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Guest Blog: The Hotelification of Offices – Why Landlords Need to Follow Hospitality’s Lead

By Steve Coulson, co-founder and CEO of managed-workspace platform Kitt

Watching the journey of the hotel industry evolve from large, branded chains to bespoke offerings like Airbnb is fascinating and one we should be taking inspiration from within the commercial real estate industry. 

When the co-working trend emerged, we were graced with WeWork – a scalable, consistent product, similar to the big box branded hotel groups providing a high quality, mass offering across multiple sites. The workplace is undergoing a wave of disruption, not dissimilar to the hotel industry, where space, design and service are being combined to create new products for a changing audience. 

Businesses now have different expectations of the workplace. 85 per cent of staff currently working from home have already reported wanting a ‘hybrid’ approach to working. With the demand for office space for only a portion of the working week, landlords need to be prepared to pivot their assets and appeal to tenants whose expectations are not the same as those 16 months ago. 

Space, design and service have been drawing closer together in the office industry – yet only now is it essential to embrace this and create new offerings for the tenant audience. Like the hotel evolution to on-demand, authentic service delivered directly to the customer, workspace should offer a bespoke yet flexible layer of servicing that adapts with the business over time. 

There is a need for closer interaction and relationships between office owners/operators and the businesses’ who occupy the space. Airbnb and Sonder provide a service tailored to the client, managing the stay from searching to booking to experiences to check out in one seamless journey. They react to customer’s needs and deliver on-demand service throughout, acting as the responsible layer between asset owner and customer.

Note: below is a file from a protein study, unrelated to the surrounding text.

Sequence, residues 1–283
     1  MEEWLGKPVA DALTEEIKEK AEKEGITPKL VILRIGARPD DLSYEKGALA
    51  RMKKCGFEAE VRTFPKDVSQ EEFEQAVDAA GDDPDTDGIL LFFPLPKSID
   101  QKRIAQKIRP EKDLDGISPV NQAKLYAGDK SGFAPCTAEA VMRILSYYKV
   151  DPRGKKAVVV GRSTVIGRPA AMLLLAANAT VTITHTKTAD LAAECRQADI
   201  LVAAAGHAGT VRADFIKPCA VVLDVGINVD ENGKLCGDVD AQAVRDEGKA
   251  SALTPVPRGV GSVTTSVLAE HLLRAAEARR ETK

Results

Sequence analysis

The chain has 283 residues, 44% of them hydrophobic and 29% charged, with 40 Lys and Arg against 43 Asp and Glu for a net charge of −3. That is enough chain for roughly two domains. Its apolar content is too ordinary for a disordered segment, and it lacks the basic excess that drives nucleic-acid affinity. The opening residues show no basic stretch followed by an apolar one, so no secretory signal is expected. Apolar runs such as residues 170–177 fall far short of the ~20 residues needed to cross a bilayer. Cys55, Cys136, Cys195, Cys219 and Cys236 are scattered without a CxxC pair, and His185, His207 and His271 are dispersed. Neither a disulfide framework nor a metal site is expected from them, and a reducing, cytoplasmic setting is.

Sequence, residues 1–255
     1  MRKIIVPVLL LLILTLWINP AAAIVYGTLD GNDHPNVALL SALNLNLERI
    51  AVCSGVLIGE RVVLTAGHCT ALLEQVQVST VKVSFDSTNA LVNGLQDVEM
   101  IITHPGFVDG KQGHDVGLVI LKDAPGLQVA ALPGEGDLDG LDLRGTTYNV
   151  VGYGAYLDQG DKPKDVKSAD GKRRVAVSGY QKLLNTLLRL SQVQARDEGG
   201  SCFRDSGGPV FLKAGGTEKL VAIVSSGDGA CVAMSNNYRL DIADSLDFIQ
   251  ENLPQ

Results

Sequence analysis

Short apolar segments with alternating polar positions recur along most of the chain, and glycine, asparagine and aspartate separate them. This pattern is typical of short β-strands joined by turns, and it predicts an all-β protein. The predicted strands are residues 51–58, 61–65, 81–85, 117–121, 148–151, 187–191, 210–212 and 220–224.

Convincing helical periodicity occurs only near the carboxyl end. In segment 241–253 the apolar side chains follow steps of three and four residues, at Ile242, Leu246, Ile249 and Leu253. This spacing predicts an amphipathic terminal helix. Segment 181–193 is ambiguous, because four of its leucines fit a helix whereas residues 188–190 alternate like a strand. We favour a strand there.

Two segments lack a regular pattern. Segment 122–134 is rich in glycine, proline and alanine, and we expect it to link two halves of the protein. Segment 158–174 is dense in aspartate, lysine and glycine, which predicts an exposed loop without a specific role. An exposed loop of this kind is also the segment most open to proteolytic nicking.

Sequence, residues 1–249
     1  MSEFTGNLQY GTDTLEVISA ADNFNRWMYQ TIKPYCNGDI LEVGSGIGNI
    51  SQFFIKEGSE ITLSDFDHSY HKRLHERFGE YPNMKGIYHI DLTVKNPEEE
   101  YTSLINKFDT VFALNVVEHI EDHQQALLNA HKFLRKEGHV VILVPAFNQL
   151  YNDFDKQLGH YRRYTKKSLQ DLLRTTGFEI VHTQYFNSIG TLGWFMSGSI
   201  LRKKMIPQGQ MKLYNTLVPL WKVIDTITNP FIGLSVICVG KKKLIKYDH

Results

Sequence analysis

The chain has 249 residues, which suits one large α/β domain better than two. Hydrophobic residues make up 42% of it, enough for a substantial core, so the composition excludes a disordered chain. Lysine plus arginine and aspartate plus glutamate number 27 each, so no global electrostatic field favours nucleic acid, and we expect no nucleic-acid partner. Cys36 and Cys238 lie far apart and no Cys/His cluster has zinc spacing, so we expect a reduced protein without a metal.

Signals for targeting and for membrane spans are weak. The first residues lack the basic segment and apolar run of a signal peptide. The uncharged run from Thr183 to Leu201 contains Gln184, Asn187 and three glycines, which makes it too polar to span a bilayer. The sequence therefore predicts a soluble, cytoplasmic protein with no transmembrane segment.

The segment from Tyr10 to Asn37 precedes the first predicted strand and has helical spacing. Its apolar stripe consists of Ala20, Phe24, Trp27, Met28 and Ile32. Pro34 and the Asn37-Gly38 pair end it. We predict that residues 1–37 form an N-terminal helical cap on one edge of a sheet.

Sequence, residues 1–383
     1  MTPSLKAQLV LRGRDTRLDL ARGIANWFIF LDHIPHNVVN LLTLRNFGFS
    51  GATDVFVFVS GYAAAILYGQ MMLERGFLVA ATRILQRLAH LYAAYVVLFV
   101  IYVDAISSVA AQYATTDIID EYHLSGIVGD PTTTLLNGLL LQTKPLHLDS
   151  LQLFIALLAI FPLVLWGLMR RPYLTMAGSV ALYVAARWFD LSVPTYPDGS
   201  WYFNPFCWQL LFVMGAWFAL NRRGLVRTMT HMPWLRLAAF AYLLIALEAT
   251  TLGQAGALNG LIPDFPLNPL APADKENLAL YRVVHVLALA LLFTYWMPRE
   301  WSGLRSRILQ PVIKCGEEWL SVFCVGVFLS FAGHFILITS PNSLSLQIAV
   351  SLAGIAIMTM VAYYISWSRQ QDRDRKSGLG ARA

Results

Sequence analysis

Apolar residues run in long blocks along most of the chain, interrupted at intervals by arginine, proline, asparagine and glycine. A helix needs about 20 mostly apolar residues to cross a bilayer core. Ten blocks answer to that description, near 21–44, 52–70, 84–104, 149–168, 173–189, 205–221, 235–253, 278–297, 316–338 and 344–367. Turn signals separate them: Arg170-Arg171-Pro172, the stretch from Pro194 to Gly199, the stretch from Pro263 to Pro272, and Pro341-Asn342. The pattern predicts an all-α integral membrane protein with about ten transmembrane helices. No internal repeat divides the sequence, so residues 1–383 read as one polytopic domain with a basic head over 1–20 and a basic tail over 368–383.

It is platforms like ours that can make this possible from an office perspective. At Kitt, we provide an end-to-end service that helps tenants find space, design and build out the environment they need, before fully managing the space and delivering 300+ on-demand services built around that of the individual business. 

Establishing a design tailored to the businesses’ functional requirements is one thing, but we also look to help power their company culture in the long run. Tailored to the location and space, we take our time to understand the preferences of that business, and react to their changing needs over time. In a post-covid world, rebuilding company culture will be high up on the priority list of management teams all over the world. 

Following the government announcement that workers can return to the office towards the end of the month, workplace activity in London (currently 50 per cent below its normal level) will undoubtedly resume and there will be more and more interest in the empty space left in the pandemic’s wake. Figures show office take-up by square footage in the UK’s six biggest cities has increased since the second quarter of 2020. However the majority of landlords do not have the infrastructure to provide an end-to-end service on their own that will help win back workers into the workplace. 

Models like ours can help bridge the gap. We can help bring landlords closer to their tenants, offering both physical and digital solutions to meet their requirements. The office leasing purchase has been fragmented, complex and inflexible for so long and in a post-Covid world, tenants need an alternative. 

The pandemic has been a momentous time for commercial real estate. It has made workers re-evaluate their priorities and acted as a turning point for leasing in general. In order to thrive post-pandemic, there is a chance to turn the empty office space available into an advantage. Deliver space as an easy-to-purchase product – with space, design and service wrapped in one package – and become desirable to a wider group of SME businesses looking to return. The hotel industry changed as a result of two major waves of disruption. The office industry has experienced similar and now is a great time to reshape what’s possible.